GN9209-3.TXT Issue #22 GIF News Page Three - September/October 1992 Hsiao & Hunter, Inc. Editor's note: Advertisements are between the equal bars and the \/ /\ symbols. ===================================================================== \/ From Sunny Spain, comes: \ / \__/ ooo oooo ooo ooo ooo ooooo ooooo ooo / \ O O O O O O O O O O O O O ---| |--- O O OoooO Ooo O O Oooo Oooo Oooo \__/ O O O O O O O O O O O O O / \ oOo Oooo O O O O OoO oOooo oOooo OoooO / \ Open 24 hours/day, running on a v.32bis modem. Sysop: Emilio Castellano (2:341/1.0) Co-Sysop: Jose Pedro Moro (2:341/1.1) CIS: 100021,176 Internet: firstname.lastname@example.org BBS dedicated to OS/2, games and programming. LucasFilm Games support BBS, Official ASP approved BBS, Home of the Spanish OS/2 echo area, running on Binkley and Maximus/2 under OS/2 2.0. 300 Megs online. Membership fee of 3000 pesetas ($30 US) gives unlimited access. El numero del telefono: 34-1-519-4645 Saludos y bienvenidos! /\ ===================================================================== _________________________________________ > < > More on the Telecommunications Survey < >_______________________________________< Hardware Other modems owned by survey respondents include: ATI, Anchor, Quicktel, Packard Bell, Digicom Scout, ZyXel, Global Village Power Port, Zoom, Twincomm, GVC Super Modem, Everex, and Microcom. Among the Australian respondents, Netcomm was the most popular. USRobotics modems are not approved by the Australian goverment, therefore it is illegal to use a HST or Dual Standard there. Some indicated that the Telebit PEP protocol works very well on noisy lines. Also, Telebit is preferred in the Unix world, just as HSTs are in the BBS world. However, with v32bis standardized, it is quickly becoming the popular choice among users. Since Supra and USRobotics garnished the most amount of votes, lets see what people had to say about these modems: US Robotics: "...very good quality, performance, and reliability." "...excellent. Well documented, well engineered, no surprises. Overpriced for an individual user who does not have a need for the HST protocol, but an excellent choice for a BBS modem." "I prefer the Dual Standard unit, as that gives me the required option to communicate with as many different types of modems available." "I have a USR DUAL 16.8, and its GREAT!" "I am using a USR Courier HST Dual Standard 14.4kbps and have considerably good success with this modem, with the exception of trying to connect with a SUPRA and some Telebits." "Alot of the other 14.4k modems are still buggy. USR's product has been stable for over 1.5 years." Supra: "Good modem, cheap, fast, but a bit buggy. Much performance for the price, though." "Good. Inexpensive, reliable, and seems to get along well with most types of modems..." "...all advanced features, including FAX, in one package. Low price." Software 1. Amiga In the software category, different users have their own preference for terminal programs. In the Amiga area, JRComm is preferred the most. Some general comments about it: "Easy to use, lots of features, stable." "I like its full Zmodem support, excellent interface." "...it lacks a script lanuage." "...better serial handshaking..." Another frequently mentioned program is VLT 5.517 - comments include: "...it behaves very well under AmigaOS 2.04 and looks great on a 40x80 character screen. It also has a nice 'phone book' utility." "Extensive ARexx support, completely configurable and programmable." "...Clipboard support...quick to use...good VT100 emulation... extensive scripting/programming capabilities." "Wish it had VT200 or better emulation." "Very versatile but a bit difficult to set up." 2. IBM and Compatibles Qmodem and Telix tied for first. Among the comments received are: Qmodem: "...wish it had mouse support, or was available in a Windows version. Wish it had MNP emulation in it." "...it's the most versatile..." "Key combinations makes access to functions very fast." Telix: "Very satisfied...encountered only two bugs, and these are more annoyances than critical errors." "Robust, has a decent zmodem. Poor terminal emulations on VT-102... ANSI is not complete..." "...reliable and easy to use. Also the scripting language is awesome..." "...I don't like Telix 3.15 because I can't get 'vi' (unix editor) to work properly...I get really annoyed when Telix can't do non-destructive backspace." "I like it's speed and reliability. I dislike the fact that it isn't a Windows application..." "...easy to use while providing all of the power/configurability I need to work with a wide variety of modems and host systems...fairly efficient. Unfortunately, its VT-102 emulation isn't perfect and its Kermit protocol implementation is absolutely minimal." 3. Macintosh ZTerm 0.9 earned the most amount of votes for the most used Mac term program. Here is what people had to say about it: "It's fast and very useful...it doesn't download in the background very well." "...it is the best comm program for the mac...only problem is flakey vt100 emulation." BBS Software There are alot of different types of BBS software for the different platforms of computers out there. The most popular among Amiga users is DLG Pro. Here is what some people had to say about it: "It is fast, friendly, has many nice features like compressing mail in the background, Usenet support, a nice full-screen editor..." One respondent who runs a pre-release of DLG Pro BBS/OS says this: "Total modularity. It is called a BBS/Operating System because that's what it is. In fact, any DOS command can be made part of the BBS... Multi-line. Unlimited number of lines can be added, as far as the software is concerned...it is so darned rich in commands, most of my users are at first daunted by the sheer amount of options presented to them." For PC-based bulletin boards, PC Board and Waffle were popular mentions. PC Board: "I like it because I can do things quickly. Without having to go thru a million menus, I can quickly read the new messages and see the new files." "...use PC Board, Wildcat, Binkley Term...they're all the same to me." Waffle: "...ease of use...dislike setup." "Waffle on the IBM PC is powerful but hard to use." "It is not the easiest to learn, but once you know what you are doing, you can quickly access the files and messages that you want to download and read." For the Macintosh systems, Mac users had this to say about the various different packages: "TeleFinder and FirstClass BBS are both excellent examples of how BBSs are destined to become graphical in nature." "Don't like any of the PC-based boards as they are implemented differently...whatever happened to consistency?" ===================================================================== \/ Quandra BBS (602)527-8895 v.32bis compatibility All files are FREQable Files, online games, messages + International E-mail via FidoNet New shareware! Cedar Island Link v2.15 Current version of GIF News FREQable under magicname GIFNEWS Sysop: Scott (Scooter) Fell Fidonet: 1:304/7 /\ =====================================================================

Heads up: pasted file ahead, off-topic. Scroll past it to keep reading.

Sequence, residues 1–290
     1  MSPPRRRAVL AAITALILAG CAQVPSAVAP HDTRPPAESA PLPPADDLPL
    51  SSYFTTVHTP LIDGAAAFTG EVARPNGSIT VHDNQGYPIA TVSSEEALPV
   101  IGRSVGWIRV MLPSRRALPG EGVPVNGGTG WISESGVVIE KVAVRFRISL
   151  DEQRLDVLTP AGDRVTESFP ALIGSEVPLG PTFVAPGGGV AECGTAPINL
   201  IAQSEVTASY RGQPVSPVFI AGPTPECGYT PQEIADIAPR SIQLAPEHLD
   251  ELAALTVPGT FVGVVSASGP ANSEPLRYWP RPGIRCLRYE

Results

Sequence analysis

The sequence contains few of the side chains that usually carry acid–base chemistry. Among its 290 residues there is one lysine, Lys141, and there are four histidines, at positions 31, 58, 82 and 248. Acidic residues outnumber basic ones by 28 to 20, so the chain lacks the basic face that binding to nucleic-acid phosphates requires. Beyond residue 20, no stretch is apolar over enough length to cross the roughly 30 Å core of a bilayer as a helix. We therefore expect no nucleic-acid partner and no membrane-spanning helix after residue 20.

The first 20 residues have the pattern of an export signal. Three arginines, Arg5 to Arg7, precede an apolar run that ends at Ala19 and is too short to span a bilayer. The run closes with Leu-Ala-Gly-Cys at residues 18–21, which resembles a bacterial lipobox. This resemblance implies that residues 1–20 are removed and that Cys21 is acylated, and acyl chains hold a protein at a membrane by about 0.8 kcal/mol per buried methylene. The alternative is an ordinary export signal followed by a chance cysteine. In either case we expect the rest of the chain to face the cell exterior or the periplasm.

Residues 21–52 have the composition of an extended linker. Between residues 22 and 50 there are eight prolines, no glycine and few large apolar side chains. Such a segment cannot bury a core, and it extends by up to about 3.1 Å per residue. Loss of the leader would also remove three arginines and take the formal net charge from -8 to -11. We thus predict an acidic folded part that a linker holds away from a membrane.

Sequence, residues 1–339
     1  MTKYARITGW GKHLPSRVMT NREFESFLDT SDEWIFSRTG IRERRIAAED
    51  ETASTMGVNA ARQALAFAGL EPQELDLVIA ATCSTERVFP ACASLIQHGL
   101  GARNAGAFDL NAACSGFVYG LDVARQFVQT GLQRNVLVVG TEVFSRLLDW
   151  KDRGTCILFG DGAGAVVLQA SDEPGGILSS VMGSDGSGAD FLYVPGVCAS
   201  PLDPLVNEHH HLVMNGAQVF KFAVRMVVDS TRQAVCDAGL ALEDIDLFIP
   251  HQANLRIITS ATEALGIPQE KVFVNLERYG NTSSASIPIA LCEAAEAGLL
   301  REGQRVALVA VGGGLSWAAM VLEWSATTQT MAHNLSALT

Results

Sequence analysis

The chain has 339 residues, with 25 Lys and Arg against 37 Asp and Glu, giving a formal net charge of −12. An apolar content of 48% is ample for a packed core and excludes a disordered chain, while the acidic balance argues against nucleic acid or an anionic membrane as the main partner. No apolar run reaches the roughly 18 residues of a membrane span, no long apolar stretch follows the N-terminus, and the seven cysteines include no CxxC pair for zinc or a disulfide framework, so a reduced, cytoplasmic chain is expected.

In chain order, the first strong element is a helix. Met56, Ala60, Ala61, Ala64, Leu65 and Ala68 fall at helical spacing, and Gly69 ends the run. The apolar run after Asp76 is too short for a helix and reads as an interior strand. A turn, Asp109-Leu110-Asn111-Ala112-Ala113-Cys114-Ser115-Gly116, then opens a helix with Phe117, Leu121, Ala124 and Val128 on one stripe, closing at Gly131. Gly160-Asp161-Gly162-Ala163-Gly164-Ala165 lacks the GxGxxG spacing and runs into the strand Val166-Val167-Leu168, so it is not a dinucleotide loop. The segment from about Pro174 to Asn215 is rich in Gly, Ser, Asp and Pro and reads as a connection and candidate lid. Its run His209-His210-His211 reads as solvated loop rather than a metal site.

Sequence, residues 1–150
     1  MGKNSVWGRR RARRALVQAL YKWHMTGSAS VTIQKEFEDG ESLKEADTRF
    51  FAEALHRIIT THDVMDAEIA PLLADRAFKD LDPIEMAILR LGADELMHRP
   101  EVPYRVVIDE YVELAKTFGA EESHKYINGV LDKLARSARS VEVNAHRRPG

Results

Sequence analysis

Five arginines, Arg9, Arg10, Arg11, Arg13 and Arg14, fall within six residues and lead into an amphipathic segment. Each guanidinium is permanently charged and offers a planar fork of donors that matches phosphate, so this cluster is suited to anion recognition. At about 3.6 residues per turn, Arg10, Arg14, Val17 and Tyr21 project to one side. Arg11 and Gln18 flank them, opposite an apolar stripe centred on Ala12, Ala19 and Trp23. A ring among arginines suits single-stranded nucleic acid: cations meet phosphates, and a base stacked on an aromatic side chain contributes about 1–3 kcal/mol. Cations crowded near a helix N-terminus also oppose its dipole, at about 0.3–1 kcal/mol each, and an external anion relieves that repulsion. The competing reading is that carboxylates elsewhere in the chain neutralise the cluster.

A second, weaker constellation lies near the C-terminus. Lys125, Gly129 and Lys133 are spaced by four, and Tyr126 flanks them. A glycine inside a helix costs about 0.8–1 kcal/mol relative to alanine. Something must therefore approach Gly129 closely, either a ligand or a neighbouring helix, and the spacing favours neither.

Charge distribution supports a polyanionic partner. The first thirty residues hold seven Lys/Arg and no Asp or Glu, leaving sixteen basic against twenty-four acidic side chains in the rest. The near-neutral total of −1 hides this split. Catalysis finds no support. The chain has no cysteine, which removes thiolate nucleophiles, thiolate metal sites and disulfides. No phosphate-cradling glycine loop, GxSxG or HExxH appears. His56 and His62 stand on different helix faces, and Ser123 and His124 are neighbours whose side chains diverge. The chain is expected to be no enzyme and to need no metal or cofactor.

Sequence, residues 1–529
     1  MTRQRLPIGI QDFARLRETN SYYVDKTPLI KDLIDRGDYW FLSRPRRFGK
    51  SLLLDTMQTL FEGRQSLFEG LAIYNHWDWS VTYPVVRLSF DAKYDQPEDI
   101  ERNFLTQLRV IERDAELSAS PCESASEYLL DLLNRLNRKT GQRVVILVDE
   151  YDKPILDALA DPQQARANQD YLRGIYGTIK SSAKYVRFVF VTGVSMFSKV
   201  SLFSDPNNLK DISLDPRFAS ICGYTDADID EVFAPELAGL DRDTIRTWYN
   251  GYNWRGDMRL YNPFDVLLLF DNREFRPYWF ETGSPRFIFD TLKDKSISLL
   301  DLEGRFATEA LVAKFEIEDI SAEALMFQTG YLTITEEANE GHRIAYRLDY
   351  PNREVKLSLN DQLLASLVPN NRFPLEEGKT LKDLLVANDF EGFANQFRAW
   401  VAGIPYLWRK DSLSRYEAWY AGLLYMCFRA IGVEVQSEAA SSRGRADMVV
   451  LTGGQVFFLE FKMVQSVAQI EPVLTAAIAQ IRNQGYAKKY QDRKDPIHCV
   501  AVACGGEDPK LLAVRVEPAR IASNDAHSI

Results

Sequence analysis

GN9209-4.TXT Issue #22 GIF News Page Four - September/October 1992 Hsiao & Hunter, Inc. ====================================================================== \/ _____ ___ ___ ___ ___ ___ |\ /| |\ /| | / | | \ | \ / | \/ | | \/ | | ----- ---- |--- |---< |---< ---- | | | | | ___/ | |___/ |___/ ___/ * GIF News distribution site * Member of Skynet, 63 Conferences, 4000+ files * Wilcat! 3.50M * OS/2 File Section * Two Nodes * * Running on two USR 16.8 kbps Dual Standards * Node 1 (914) 297-2915 * Node 2 (914) 297-5623 /\ ====================================================================== _______________________________ > < > Supra FAX modem v.32bis < >_______________________________< Review by Ken Goldenberg ------------------------ I remember my first modem. It was 300 bps and was one of the first direct connect modems I'd ever seen. I was impressed that some bbses supported 2400 bps . 14400 bps may seem similarly unobtainable to many people now, but with its latest offering's street price of around $300, Supra may just change that. I purchased the external version for the Amiga, which is bundled with a serial cable, the aging A-Talk III terminal software, and GP FAX software. The bundle runs about $70 more than the bare modem, but the fax software alone is worth the additional cost. Setup of the modem is pretty typical of any high speed modem. If you've never used a 9600 bps modem before, you can plan on spending a little time with the manual. Luckily, it's quite good. Users familiar with 9600 bps modems will probably be up and running after a glance or two at the quick reference card. _________ >__FAX__< I liked the idea of being able to fax things to work, and the GP FAX software does a really good job. The program multitasks cleanly, has an AREXX port, and sports a slick, intuitive interface. The program can convert ASCII test to fax documents, or intercept data that is sent through the PRT: device. In this manner, I create a document in PageStream, and faxed it to a Sharp F0-4900 plain pare laser fax. The output was unbelievable. I'll still use the copy I printed on a LaserJet as a master, but the fax was the sharpest thing I've ever seen roll out of a fax machine. Ever. I am only aware of two problems with the software. First, you can only run one copy of it at a time. If you have any plans to buy more than one FAXmodem and send more than one fax at a time (you want to fax urgent information to 80 offices ASAP) then you'll have some trouble. There was also reportedly some trouble between GP FAX and Final Copy. GP software is aware of the problem and is supposedly working on a fix. ____________ >___DATA___< Okay, the fax capabilities are nice, but you want a modem for more than the fax and the neat LEDs on the front panel, right? Well this is a v.32bis modem, and when connected to another v.32bis modem you can expect transfers of over 1600cps over good phone lines. The Supra modem I used seemed slightly more sensitive to bad line quality, but I have notoriously bad wiring in my apartment. The manual's suggestion: use AT&T if you're having problems with line noise. The modem supports v.42bis as well, MNP 2-5 and supposedly MNP 10, which is used for SEVERE error correction (such as cellular communication). I don't know anyone else with MNP 10, so I can't confirm this, but a rumor flying around the Internet is that the current Supra 14.4's do not support MNP 10, and may never be upgraded to do so. If MNP 10 is a requirement of your next modem, I suggest confirming its presence before purchasing the Supra. Supra has promised to release free ROM upgrades to all registered users (the latest promised date is late August). I have had no serious problems with this modem after three months of normal use and would recommend it to anyone interested in a low cost modem. ===================================================================== \/ ****** Attention Internet Users ****** Try the fastest menu program available for MS-DOS machines. Written in assembly to be blindingly fast. Very versatile and easy to configure with included setup program. To try it out today: FTP to cc.usu.edu Login as 'anonymous' and use your userid as the password Type 'cd incoming' Type 'bin' Type 'get fastmenu.zip' When done, type 'bye' to quit out of FTP and use a transfer protocol to send fastmenu.zip to your PC. Fast Menu program by InterSpect Productions. Shareware. /\ =====================================================================